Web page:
Andy Kim launches Senate bid as a ‘decent human’ who’s had enough of broken D.C.


Pennsauken, N.J. — Rep. Andy Kim formally launched his Senate campaign Friday night promising to deliver frustrated voters a choice and restore their trust in a broken Capitol.

Standing on pallets at a brewery in South Jersey in front of about 250 supporters, Kim singled out indicted Sen. Bob Menendez (D-N.J.) as a symptom of the dysfunction and pitched himself as an effective and battle-tested leader who goes to Washington for public service, not personal gain.

“It doesn’t have to be this broken politics where you just have people putting their own personal ambition ahead of what’s good for this country,” he said. “It’s about being a decent human being — a decent human being that treats other people with respect.”

Kim, a 41-year-old former U.S. State Department official in the Obama administration, decided to run for Senate after Menendez was indicted — for the second time — in September. Kim was the first public official to call for Menendez’s resignation, saying that New Jersey voters deserve better from their representatives. Menendez has pleaded not guilty to the bribery charges, as well as a new one alleging he secretly acted as a foreign agent for the Egyptian government.

Menendez hasn’t said whether he’ll seek another term next year, though he’s made clear he has no plans to step down. And Kim said Menendez’s insistence that he won’t — saying “I am not going anywhere” — rubbed him the wrong way.

“I felt like he was saying, ‘This is mine. This is my seat,’” Kim said. “We know that, actually, it’s the people’s seat.”

That isn’t quite always the case in New Jersey, and that’s Kim’s challenge. The state’s county chairs hold incredible sway, particularly in primary elections, because they effectively choose who appears preferentially on ballots under “the line,” the slate of candidates endorsed by their political organization. Getting the line usually translates to victory.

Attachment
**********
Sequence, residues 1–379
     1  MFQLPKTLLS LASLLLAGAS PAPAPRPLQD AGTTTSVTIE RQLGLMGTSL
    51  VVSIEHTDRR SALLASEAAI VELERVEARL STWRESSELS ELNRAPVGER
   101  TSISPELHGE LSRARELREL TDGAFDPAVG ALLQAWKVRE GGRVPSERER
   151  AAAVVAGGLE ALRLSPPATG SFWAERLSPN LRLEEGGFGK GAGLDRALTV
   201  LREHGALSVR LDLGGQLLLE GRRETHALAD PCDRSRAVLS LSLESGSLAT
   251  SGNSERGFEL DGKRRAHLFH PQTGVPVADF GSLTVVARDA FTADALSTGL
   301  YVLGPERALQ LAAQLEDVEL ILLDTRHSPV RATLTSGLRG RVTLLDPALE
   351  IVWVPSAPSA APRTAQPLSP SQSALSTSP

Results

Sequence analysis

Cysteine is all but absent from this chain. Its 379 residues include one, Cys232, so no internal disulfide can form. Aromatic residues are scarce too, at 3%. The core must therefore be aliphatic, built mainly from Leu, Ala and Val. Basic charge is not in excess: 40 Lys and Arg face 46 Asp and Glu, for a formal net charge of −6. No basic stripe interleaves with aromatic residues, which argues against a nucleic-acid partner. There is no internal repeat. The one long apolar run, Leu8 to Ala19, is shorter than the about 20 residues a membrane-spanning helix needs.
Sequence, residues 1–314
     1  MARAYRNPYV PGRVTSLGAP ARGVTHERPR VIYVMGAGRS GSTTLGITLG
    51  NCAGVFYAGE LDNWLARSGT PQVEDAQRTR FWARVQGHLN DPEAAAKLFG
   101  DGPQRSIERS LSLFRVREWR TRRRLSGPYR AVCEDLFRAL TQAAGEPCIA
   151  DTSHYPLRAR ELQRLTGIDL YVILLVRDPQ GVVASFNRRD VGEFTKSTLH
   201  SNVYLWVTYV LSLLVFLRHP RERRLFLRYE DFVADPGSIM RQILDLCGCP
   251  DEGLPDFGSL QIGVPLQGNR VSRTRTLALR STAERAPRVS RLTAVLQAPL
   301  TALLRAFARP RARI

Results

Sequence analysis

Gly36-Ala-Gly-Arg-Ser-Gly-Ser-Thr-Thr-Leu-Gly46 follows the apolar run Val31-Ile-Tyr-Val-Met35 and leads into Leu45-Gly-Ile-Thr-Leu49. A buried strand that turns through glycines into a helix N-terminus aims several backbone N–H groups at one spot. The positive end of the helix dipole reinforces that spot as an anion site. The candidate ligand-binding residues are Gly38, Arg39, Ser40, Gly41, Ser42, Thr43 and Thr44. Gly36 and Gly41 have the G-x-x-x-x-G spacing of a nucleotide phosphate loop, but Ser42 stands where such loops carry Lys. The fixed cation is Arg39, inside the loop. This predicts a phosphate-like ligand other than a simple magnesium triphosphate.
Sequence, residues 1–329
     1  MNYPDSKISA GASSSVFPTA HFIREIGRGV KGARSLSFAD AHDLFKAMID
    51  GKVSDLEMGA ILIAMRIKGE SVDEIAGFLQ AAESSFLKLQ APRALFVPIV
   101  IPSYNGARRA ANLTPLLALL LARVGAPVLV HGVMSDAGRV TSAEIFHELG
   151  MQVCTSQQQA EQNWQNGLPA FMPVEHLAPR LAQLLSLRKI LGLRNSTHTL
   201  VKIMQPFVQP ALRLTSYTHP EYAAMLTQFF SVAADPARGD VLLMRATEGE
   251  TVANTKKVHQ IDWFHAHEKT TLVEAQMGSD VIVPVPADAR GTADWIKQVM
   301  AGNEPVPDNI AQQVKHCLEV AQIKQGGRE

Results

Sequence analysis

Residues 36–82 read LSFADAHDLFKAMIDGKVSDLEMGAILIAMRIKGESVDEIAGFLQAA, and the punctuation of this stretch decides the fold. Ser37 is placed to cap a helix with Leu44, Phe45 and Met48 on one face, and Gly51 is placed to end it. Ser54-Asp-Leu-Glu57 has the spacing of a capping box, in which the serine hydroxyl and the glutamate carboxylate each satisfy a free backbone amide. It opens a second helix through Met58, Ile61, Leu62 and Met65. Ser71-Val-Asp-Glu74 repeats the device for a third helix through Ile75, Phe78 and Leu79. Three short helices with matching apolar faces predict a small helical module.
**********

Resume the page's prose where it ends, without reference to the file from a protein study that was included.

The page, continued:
And Kim is likely to run in a primary against first lady Tammy Murphy, who has built strong connections to party leaders in no small part thanks to her husband, Gov. Phil Murphy. She is expected to announce her candidacy next week, according to a person familiar with her plans.

Tammy Murphy is also an effective fundraiser who’s spent the last year and a half raising and spending money through a pair of political groups, which also helps her gain support.

Another Democrat, Kyle Jasey, the son of Assemblymember Mila Jasey, is also running for Menendez’s seat.

New Jersey hasn’t elected a Republican to the Senate in half a century. But a Trump-connected candidate, Mendham Mayor Christine Serrano-Glassner, is mounting a challenge with the hope that voters will be so repelled by Menendez’s alleged actions that they vote for a different party altogether.

“To those who have rushed to judgement all in the name of political expediency, I’ll gladly put up my record of success on behalf of the people of New Jersey against Andy Kim or anyone else,” Menendez said in a statement. “I’m used to tough fights and next year won’t be any different. I am confident that when all the facts have been presented and my innocence proven, I’ll continue to do what I’ve always done for the past 30-plus years — delivering results for hardworking, New Jersey families and small businesses across the state, fighting for the little guy, and giving a voice to the voiceless.”

Kim says he is undaunted by the hurdles ahead. Speaking to reporters afterward, he noted that he’s raised $20 million in his last three campaigns, a sum much larger than average House members, according to OpenSecrets. And he raised $1 million the first week after he said he’d run and through September had nearly $2.1 million in the bank for his Senate campaign, according to the Federal Elections Commission.

“I’ve shown that I can win tough races. I’m battle tested. I’ve won three of the toughest races in recent history in New Jersey,” Kim told reporters. Voters “don’t need to hear promises,” he added. “They want someone who is a workhorse, not a show horse — someone who’s gonna just get the job done. That’s what we’ve been trying to do.”

Kim, the father of six- and eight-year-old children, said his decision to run for the Senate seat was one of the hardest of his life. But he said the country is at a “historic moment,” not just because public trust is in decline but also because of overseas conflicts, a looming government shutdown and a general feeling that “the world is just spinning out of control.”

“Now is the time for change,” Kim said. “Now is the time for us to say ‘Enough with our broken politics. We demand it, it is going to be ours for the taking.’”

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